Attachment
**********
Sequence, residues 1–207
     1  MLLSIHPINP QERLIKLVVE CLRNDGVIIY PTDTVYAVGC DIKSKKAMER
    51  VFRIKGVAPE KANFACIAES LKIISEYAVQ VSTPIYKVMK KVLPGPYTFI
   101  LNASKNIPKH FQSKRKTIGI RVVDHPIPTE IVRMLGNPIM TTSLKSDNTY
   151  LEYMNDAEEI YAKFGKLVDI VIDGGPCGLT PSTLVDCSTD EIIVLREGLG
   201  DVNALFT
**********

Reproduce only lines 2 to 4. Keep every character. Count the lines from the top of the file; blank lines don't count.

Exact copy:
     1  MLLSIHPINP QERLIKLVVE CLRNDGVIIY PTDTVYAVGC DIKSKKAMER
    51  VFRIKGVAPE KANFACIAES LKIISEYAVQ VSTPIYKVMK KVLPGPYTFI
   101  LNASKNIPKH FQSKRKTIGI RVVDHPIPTE IVRMLGNPIM TTSLKSDNTY